which lists a bumper crop of 25 visits 
here bv cruise vessels of various nation- 
alities. In addition to the five that 
arrived here in October, Fenton is taking 
care of six in December, seven in Jan- 
uarv, four in February and two in 

Thev include the Norwegian Saga- 
fjord, the Swedish Gripshohn, the Dan- 
ish Royal Viking Sky, the Norwegian 
Southward, the Italian Costa Line 
Angelina Lauro and the Danish Royal 
Viking Star. The Angelina Lauro, which 

The Panama Canal Review 


made regular visits to the Isthmus last 
year, will do so again this year sailing 
every other Saturday from Port Ever- 
glades and calling at Nassau, San Juan, 
and several other Caribbean ports as 
well as Cristobal. 

Among the January arrivals are the 
Vistafjord, flagship of the Norwegian 
America Line making her second trip 
through the Panama Canal on Jan- 
uary 10 on an around-the-world cruise. 
The ship, a running mate of the Saga- 
fjord, has new style stabilizer fins which 
brought her across the North Atlantic 
early this year "sailing smoothly as a 
swan" in the teeth of a heavy gale. The 
elegantly appointed 25,000-ton vessel 
was specifically designed for the Amer- 
ican cruise market and among her dis- 
tinguishing features is the Vista Dining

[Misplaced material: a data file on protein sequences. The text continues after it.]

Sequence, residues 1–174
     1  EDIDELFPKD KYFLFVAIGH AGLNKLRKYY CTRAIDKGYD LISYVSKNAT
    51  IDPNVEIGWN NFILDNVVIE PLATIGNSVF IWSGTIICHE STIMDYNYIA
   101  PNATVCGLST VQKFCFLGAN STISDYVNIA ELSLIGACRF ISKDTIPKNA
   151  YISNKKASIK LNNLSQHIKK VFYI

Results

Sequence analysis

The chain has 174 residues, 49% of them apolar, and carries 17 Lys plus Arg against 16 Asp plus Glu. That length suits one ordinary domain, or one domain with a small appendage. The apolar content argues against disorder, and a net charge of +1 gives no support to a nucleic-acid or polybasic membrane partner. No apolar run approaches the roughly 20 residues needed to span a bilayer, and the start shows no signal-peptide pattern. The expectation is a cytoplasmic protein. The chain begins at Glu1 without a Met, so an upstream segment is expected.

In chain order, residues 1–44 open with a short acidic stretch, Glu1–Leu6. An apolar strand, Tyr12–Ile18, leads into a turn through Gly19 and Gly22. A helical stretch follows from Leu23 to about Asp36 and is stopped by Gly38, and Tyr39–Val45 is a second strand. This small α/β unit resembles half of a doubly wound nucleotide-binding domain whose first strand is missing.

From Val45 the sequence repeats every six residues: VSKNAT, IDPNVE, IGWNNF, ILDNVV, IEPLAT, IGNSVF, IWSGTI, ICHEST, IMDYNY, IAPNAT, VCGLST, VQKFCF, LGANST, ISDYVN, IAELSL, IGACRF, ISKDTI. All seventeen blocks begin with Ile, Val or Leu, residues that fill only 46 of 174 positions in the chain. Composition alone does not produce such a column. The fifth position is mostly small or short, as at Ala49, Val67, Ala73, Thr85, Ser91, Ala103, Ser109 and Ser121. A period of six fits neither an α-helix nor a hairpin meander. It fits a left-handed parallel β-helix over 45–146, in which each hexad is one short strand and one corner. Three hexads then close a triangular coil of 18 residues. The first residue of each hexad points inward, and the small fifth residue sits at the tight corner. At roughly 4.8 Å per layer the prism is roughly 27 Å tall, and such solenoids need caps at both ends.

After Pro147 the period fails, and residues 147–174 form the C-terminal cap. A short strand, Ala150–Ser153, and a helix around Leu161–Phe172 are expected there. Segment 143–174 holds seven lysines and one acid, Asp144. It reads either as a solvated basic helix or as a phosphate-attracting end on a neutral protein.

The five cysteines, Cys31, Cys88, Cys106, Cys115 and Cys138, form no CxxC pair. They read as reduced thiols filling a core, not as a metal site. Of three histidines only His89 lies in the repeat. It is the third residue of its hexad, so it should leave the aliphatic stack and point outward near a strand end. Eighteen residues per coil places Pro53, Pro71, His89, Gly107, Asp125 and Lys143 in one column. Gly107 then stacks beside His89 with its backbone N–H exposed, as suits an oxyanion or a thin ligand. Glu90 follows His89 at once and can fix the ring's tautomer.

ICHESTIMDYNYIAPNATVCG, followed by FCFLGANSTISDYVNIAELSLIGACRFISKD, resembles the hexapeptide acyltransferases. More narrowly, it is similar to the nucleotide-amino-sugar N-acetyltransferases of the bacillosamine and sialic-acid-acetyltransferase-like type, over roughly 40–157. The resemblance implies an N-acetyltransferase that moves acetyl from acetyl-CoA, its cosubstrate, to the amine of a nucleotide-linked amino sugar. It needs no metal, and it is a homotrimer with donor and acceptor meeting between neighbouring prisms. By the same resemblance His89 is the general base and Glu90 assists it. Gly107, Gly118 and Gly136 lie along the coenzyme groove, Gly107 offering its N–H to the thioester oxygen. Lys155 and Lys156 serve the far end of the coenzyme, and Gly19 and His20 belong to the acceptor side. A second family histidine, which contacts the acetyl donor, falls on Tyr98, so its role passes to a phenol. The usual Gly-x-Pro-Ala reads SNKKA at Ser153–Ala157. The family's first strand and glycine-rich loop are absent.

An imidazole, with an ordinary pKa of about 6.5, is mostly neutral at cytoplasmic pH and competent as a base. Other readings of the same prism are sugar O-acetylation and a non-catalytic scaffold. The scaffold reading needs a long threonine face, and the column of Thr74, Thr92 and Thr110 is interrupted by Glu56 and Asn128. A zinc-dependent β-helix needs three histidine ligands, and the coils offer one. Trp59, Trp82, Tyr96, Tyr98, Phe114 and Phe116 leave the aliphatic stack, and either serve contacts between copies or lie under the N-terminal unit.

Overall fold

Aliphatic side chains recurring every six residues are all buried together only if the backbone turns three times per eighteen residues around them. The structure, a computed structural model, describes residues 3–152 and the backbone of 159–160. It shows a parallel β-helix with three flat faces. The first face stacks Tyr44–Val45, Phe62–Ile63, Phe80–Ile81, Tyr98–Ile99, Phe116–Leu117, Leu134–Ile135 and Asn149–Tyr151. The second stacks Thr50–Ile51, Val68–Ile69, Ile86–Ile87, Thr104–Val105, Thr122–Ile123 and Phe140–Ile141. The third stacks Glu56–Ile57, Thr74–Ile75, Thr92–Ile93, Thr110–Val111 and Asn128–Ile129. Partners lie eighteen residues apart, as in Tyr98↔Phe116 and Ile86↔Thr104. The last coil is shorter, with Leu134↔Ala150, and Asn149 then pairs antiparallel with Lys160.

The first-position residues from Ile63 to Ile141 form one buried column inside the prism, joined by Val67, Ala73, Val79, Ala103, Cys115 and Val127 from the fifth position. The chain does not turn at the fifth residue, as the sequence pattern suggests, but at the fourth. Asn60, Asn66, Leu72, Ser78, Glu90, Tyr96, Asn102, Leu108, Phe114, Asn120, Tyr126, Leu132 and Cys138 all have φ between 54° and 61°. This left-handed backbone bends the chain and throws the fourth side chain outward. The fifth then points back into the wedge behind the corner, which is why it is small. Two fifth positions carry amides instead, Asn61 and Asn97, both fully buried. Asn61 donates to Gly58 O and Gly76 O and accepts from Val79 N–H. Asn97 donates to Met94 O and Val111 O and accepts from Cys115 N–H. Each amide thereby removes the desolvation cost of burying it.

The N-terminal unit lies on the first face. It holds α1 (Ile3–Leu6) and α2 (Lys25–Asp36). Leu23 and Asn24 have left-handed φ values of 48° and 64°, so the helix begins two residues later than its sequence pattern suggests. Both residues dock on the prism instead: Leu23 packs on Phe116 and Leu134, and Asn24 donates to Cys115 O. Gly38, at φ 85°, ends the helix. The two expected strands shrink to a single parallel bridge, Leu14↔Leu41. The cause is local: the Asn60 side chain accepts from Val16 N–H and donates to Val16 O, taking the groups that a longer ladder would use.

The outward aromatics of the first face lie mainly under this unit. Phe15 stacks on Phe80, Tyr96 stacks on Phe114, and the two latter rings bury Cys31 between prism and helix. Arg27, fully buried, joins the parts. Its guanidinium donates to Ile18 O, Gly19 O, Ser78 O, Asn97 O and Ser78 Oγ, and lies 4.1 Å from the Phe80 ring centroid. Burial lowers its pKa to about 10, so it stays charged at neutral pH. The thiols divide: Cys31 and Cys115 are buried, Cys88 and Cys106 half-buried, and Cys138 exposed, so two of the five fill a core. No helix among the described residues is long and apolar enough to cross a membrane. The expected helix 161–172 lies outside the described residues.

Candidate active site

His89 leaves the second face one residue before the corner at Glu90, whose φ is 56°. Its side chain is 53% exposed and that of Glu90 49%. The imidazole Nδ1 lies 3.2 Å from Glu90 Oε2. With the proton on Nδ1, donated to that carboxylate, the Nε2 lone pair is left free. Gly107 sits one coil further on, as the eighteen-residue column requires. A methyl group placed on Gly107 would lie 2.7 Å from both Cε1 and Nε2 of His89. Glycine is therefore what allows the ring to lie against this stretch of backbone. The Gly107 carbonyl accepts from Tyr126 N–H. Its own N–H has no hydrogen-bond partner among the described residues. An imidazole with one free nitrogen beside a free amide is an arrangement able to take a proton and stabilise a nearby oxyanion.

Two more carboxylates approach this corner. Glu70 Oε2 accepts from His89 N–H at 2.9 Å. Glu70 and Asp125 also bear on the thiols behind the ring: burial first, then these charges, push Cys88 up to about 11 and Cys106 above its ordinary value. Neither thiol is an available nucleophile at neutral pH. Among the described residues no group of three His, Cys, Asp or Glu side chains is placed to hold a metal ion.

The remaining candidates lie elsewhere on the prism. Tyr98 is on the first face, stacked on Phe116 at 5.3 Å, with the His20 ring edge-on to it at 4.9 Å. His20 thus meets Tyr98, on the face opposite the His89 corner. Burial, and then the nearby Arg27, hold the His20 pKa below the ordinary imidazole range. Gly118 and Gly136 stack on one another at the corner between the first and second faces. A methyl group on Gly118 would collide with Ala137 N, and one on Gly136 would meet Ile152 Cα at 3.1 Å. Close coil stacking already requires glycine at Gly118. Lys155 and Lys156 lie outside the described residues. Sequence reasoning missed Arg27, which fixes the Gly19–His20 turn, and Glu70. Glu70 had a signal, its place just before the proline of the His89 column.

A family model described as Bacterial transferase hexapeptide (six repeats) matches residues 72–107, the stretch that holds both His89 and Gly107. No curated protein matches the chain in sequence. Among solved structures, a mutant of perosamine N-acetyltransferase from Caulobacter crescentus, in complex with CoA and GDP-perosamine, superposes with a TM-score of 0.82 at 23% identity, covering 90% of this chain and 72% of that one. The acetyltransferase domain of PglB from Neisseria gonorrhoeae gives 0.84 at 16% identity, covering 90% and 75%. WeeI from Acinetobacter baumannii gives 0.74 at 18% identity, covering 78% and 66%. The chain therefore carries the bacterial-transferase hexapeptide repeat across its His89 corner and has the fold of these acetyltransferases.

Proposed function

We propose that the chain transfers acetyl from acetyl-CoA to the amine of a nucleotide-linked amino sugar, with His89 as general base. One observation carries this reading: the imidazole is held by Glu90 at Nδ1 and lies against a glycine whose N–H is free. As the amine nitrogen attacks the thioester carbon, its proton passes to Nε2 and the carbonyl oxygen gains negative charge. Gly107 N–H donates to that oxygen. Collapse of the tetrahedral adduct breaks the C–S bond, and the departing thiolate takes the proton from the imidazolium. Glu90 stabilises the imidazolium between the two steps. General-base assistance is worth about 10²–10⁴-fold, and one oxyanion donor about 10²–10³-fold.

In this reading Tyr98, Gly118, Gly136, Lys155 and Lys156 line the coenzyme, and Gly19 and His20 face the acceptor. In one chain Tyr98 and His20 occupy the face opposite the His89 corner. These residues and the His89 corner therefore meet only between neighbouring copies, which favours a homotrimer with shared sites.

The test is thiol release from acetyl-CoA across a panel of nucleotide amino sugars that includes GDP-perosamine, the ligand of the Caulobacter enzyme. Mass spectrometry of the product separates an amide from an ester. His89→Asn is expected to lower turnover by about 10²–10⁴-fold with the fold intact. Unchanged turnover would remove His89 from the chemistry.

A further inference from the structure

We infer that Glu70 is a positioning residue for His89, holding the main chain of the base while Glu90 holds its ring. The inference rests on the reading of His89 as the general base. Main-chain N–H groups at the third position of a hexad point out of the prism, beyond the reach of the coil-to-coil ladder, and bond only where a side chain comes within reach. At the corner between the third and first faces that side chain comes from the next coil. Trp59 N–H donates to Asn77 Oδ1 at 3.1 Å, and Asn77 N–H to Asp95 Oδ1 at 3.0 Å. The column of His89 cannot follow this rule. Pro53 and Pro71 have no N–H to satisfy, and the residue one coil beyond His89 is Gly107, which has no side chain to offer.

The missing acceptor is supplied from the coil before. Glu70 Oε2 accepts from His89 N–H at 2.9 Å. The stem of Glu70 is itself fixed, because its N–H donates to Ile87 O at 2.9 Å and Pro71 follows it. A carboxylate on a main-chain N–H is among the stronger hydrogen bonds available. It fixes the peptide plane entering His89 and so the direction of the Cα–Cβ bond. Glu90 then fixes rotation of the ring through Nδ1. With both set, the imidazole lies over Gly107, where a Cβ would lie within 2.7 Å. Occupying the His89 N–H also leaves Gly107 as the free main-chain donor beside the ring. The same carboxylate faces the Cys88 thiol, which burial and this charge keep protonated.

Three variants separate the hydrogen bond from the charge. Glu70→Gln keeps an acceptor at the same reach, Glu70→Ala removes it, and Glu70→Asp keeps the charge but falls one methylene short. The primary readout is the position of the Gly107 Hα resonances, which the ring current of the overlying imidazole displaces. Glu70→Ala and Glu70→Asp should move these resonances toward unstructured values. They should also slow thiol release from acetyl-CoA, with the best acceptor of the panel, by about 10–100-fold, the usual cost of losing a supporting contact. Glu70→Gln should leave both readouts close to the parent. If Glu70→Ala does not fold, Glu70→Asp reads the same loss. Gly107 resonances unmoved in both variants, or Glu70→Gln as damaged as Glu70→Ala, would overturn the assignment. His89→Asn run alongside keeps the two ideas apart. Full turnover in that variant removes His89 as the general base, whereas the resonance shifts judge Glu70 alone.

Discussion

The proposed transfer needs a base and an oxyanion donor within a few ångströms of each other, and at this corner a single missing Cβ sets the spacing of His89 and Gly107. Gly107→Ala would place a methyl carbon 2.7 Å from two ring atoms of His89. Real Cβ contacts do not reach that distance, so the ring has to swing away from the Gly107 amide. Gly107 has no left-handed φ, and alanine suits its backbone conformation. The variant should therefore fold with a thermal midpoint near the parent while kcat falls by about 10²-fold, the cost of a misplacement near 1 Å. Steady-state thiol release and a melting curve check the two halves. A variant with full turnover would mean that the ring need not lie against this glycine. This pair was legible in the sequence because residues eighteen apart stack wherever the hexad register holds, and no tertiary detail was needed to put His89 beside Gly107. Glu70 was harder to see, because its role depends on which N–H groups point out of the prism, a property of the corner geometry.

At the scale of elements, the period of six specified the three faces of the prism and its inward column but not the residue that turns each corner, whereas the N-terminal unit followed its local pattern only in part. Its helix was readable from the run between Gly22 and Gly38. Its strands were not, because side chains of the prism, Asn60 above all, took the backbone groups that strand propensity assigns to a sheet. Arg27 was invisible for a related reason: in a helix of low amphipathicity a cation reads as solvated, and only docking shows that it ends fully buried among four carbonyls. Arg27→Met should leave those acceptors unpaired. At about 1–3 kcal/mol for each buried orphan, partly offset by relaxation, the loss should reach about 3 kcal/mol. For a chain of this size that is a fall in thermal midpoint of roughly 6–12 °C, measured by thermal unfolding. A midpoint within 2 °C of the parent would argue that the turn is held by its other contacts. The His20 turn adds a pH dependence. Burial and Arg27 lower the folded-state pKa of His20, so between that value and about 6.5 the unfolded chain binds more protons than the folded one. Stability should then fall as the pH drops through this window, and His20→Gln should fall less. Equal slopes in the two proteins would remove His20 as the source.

Room located on the upper deck to 
afford passengers an ever changing view 
of the sea. All of the 500 or more 
passengers can be accommodated in a 
single sitting. 

With the recent acquisition by the 
Orient Overseas Line of the American 
President Line's President Wilson, only 
five American passenger vessels remain 
active and all operate out of the west 
coast of the United States. They are the 
Mariposa and Monterey, of the Pacific 
Far East Line and Prudential Grace's 
Santa Maria, Santa Mariana and Santa 
Mercedes. According to Boyd Bros., the 
Monterey is due to arrive at the Panama 
Canal, later in the season, from Mexico 
en route to Haiti and will return to San 
Francisco passing through the Canal 
July 5. Boyd also handles the Neptune 
and Jason, two cruise vessels of the 
Epirotiki Line, which will make Cris- 
tobal a port of call during the winter